The Nizkor Project: Remembering the Holocaust (Shoah)

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Q. And your purpose in maintaining foreign trade was to
obtain enough foreign exchange to permit the imports of raw
materials, not manufactured, which were required for the
rearmament programme. Is that not correct?

A. That is the question that is put to me. Now comes the
answer. Please, will you read the answer?

Q. What is your answer now?

A. My answer today is that that was not the only aim.

Q. Not the only aim?

A. Right.

Q. But that was the primary aim, was it not?

A. No, not at all.

Q. All right, what was the other aim?

A. To keep Germany alive, to assure employment for Germany,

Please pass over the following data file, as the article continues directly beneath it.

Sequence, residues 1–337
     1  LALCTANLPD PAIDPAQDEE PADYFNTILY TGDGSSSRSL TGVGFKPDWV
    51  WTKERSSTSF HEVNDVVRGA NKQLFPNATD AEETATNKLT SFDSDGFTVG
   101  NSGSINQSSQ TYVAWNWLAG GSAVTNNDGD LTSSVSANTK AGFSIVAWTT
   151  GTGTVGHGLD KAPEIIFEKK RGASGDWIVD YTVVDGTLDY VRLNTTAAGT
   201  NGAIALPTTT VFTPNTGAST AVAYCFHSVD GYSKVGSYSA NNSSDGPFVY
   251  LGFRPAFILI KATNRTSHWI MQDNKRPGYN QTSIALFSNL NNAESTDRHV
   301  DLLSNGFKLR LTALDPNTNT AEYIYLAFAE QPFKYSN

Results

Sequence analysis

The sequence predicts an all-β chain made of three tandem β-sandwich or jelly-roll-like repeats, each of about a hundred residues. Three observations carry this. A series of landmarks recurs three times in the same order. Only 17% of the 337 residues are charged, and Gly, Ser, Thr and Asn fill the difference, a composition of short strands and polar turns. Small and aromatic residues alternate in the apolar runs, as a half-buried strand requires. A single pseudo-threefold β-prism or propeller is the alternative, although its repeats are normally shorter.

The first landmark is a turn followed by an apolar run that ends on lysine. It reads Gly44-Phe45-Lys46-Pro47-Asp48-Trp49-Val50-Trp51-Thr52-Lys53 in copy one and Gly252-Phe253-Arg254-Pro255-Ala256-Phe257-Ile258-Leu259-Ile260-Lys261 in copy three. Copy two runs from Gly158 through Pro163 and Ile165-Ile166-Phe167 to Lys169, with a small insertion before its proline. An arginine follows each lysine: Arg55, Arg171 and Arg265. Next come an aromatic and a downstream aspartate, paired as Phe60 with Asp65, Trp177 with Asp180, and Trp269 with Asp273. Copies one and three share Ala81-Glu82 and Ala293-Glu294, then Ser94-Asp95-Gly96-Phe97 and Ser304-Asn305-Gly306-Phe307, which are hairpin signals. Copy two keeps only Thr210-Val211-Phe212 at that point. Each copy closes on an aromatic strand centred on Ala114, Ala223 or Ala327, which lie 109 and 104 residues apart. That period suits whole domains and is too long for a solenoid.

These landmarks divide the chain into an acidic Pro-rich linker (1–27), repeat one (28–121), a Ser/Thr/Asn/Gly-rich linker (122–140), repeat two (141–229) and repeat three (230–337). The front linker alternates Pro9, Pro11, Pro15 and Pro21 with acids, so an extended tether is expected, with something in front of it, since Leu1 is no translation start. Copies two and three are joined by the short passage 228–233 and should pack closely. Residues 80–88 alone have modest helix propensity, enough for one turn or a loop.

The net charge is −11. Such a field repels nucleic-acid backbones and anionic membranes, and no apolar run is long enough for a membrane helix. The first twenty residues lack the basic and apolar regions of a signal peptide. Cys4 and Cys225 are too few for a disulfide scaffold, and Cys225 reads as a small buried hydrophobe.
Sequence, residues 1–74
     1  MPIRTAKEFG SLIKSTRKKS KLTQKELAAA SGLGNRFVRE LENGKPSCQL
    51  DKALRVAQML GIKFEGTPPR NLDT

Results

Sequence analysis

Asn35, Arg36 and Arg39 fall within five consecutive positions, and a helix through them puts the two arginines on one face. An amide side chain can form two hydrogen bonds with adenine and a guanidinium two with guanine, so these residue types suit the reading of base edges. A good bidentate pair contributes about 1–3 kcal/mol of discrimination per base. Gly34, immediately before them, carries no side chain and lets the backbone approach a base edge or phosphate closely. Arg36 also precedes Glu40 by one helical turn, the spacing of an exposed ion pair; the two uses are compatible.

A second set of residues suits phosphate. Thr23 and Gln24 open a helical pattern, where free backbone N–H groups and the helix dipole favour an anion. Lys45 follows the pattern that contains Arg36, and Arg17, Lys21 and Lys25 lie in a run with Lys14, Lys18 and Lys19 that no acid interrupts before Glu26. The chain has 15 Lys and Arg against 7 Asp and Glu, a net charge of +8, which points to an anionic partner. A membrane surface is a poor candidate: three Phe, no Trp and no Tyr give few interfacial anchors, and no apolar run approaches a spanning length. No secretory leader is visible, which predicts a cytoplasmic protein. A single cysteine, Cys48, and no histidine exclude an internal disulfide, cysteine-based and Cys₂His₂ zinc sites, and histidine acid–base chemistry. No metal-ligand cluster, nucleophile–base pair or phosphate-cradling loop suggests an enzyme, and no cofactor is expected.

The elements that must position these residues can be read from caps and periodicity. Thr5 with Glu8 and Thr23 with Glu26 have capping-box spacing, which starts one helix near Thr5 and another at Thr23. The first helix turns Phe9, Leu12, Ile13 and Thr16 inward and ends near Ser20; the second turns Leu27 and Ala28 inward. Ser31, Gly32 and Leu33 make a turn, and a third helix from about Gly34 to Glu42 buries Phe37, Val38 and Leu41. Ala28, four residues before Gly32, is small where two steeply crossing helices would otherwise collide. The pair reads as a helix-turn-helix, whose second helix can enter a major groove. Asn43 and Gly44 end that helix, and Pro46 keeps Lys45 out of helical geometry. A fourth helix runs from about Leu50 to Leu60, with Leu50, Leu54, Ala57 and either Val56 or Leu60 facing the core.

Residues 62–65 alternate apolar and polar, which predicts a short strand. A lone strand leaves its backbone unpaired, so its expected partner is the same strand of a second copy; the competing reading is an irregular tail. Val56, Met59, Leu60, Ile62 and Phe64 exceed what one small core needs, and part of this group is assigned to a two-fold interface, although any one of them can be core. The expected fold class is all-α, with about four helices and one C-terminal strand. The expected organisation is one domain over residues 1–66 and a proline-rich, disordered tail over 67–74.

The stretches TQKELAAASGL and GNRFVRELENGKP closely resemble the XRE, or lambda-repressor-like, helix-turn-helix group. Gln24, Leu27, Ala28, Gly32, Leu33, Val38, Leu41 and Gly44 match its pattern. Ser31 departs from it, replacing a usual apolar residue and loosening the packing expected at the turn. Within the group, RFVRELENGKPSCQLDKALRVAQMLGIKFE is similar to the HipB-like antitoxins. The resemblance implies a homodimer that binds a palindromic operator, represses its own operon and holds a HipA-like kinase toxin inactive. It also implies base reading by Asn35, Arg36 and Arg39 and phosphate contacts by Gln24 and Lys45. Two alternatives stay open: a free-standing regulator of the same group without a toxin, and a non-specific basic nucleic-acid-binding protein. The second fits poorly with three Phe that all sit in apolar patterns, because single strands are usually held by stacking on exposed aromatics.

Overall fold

to obtain sufficient food for Germany.

Q. Which was your dominant aim?

A. The food supply in Germany and work for the export
industry.

Q. Well, I should like to go over one or two of these
documents with you as to your aim. I refer to Document 1168-
PS of 3rd May, 1935.

A. Yes.

Q. Title "Financing of Armament," Exhibit 37.

  "The following comments are based on the assumption that
  the completion of the armament programme in regard to
  speed and extent is the task of German Policy, and that
  accordingly everything else must be subordinated to this
  aim, in so far as this main goal is not endangered by
  neglecting other questions."

Did you write that?

A. Not only did I write it, but I handed it to Hitler
personally. It is one of twin documents, one of which has
already been submitted in evidence and discussed in detail
by the prosecution. I did not receive the second document.

When my defence counsel examined me, I stated here that I
was intent on stopping the Party collections and Party
moneys, which were extracted everywhere from the German
people, because it was extremely difficult for me to get the